Last year a number of studies have given evidence that the same mechanism can be occurring in the human disease by finding released mitochondrial iron in the cells from patients with FA and evidence of free radical damage. In addition to this study, there have been studies that suggest a biochemical function of Frataxin. This was presented at the American Society of Human Genetics last October, by a group working at the Mayo Clinic. Their proposal is that Frataxin is a protein able to bind iron. If you take iron and put it in solution in a test tube, the iron will precipitate. It will be oxidized by the oxygen in the air and form an insoluble precipitate. If there is Frataxin present in the same test tube and you add iron, the iron will stain the solution, but will not precipitate. There is preliminary evidence that Frataxin may be binding iron and preventing it from precipitating. Therefore, Frataxin would have the function of preventing iron in mitochondria to react with oxygen and form toxic free radicals because it will bind it and isolate it from the surrounding environment. This was presented at an international meeting and it is still a work in progress. This is not final yet.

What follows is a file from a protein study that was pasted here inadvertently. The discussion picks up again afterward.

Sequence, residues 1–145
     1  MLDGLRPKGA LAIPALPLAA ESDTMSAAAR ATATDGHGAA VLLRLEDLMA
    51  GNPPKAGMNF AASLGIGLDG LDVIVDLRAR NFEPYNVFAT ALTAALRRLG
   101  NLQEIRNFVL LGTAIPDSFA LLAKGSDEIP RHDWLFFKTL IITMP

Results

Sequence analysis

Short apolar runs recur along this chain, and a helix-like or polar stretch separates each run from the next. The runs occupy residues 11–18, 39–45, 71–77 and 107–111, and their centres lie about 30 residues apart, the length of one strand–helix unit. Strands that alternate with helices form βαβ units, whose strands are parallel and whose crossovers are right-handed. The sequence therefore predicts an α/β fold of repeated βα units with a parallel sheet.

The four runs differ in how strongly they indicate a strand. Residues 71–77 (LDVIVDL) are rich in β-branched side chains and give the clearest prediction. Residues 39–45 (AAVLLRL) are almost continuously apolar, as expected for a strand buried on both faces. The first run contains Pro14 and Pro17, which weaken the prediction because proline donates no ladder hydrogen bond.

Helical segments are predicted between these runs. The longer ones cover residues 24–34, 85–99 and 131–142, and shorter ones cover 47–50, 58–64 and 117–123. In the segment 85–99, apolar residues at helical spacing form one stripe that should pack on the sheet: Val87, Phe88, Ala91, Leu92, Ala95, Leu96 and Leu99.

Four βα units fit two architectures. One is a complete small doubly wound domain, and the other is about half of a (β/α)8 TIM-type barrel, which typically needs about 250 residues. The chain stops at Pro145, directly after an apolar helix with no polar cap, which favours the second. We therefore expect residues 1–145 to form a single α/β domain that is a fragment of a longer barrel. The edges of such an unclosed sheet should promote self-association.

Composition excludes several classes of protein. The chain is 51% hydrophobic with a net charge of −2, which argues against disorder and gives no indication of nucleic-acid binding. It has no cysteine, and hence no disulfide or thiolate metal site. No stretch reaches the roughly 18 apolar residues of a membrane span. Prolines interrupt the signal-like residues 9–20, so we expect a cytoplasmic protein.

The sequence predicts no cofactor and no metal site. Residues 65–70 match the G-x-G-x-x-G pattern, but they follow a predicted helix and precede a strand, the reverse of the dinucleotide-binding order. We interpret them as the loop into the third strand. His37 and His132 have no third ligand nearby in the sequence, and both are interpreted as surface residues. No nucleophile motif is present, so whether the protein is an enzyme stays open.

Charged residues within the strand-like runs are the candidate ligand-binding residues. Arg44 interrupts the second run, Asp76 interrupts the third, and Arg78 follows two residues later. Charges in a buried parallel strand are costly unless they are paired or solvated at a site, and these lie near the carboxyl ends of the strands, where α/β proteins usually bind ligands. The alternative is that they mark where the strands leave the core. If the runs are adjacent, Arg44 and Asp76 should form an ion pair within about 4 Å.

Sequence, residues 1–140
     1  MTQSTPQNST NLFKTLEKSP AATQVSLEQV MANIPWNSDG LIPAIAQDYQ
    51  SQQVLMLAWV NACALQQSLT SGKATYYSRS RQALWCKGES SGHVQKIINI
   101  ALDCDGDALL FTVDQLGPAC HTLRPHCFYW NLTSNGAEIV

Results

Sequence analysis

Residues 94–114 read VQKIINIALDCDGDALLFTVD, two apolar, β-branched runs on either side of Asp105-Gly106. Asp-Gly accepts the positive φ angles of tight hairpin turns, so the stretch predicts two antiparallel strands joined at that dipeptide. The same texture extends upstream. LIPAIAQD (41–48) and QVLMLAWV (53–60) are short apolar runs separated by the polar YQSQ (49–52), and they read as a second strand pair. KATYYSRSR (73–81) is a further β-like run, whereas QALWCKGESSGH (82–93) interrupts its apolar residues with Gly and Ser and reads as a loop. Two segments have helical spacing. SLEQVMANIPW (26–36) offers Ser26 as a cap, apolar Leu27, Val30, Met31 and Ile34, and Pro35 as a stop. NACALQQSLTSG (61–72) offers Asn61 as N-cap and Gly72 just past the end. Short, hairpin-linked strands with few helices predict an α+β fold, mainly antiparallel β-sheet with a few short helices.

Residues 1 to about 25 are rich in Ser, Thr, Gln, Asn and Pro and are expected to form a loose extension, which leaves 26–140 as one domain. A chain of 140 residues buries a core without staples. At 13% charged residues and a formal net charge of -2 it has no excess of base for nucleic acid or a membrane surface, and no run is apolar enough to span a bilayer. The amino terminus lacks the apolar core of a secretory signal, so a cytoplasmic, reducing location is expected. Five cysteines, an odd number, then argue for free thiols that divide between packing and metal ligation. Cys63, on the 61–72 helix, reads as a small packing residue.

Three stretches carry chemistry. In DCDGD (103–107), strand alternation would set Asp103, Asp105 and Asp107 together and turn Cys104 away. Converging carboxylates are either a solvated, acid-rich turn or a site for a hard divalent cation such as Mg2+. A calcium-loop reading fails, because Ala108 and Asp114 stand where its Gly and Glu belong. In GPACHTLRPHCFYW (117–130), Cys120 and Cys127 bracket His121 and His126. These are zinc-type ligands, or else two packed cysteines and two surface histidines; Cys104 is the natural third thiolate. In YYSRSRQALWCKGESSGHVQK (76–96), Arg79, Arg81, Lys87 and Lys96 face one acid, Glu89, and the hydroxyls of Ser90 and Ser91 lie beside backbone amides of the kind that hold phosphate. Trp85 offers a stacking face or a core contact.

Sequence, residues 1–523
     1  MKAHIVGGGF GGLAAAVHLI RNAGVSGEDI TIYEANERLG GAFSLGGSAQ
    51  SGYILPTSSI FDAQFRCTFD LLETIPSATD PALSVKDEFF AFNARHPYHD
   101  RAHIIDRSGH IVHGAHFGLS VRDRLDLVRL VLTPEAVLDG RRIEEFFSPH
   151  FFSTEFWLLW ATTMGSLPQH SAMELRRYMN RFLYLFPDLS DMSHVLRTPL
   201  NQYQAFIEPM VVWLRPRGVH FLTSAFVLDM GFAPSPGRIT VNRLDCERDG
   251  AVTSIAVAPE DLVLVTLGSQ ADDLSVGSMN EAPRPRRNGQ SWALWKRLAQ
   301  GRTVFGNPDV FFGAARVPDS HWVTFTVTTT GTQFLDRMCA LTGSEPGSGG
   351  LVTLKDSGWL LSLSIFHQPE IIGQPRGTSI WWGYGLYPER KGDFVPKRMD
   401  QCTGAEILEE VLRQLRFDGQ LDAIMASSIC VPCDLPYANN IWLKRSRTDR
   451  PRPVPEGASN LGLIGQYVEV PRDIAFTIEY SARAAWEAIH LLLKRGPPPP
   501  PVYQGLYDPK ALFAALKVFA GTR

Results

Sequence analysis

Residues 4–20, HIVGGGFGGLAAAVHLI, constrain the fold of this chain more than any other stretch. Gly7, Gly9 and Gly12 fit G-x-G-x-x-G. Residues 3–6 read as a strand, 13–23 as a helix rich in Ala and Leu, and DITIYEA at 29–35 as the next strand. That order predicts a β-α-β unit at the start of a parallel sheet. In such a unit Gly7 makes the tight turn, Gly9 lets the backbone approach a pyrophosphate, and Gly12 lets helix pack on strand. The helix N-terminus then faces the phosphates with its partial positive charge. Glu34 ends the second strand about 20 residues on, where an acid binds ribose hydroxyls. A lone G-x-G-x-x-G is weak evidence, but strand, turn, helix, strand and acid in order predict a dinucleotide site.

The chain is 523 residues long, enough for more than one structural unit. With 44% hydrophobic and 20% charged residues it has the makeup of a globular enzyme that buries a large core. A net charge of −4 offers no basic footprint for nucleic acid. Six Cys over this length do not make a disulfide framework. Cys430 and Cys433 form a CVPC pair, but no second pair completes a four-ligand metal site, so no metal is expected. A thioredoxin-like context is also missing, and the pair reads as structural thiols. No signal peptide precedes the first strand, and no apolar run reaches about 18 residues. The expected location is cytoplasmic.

More progress was made when information came out a few days ago from a group in England, who has worked out the structure of Frataxin. What does this mean? A protein is a molecule that is made up of many amino acids like DNA is made by four possible units, A, C, G, and T, that follow each other in a long chain. Proteins are made by twenty different possible units called amino acids. They are also arranged in a chain and the code to make a protein is contained in the DNA. The FA gene contains the code to make the protein called Frataxin. We know the sequence of amino acids of this protein because, by knowing the code we understand what the sequence is. Then, the protein chain does not stay in a long chain, it is not free floating in the environment, it folds on itself in a specific way giving the protein a specific shape which determines the function of the protein. Because of its shape it can interact with chemicals, promote certain chemical reactions, or participate in the formation of structures in the cells.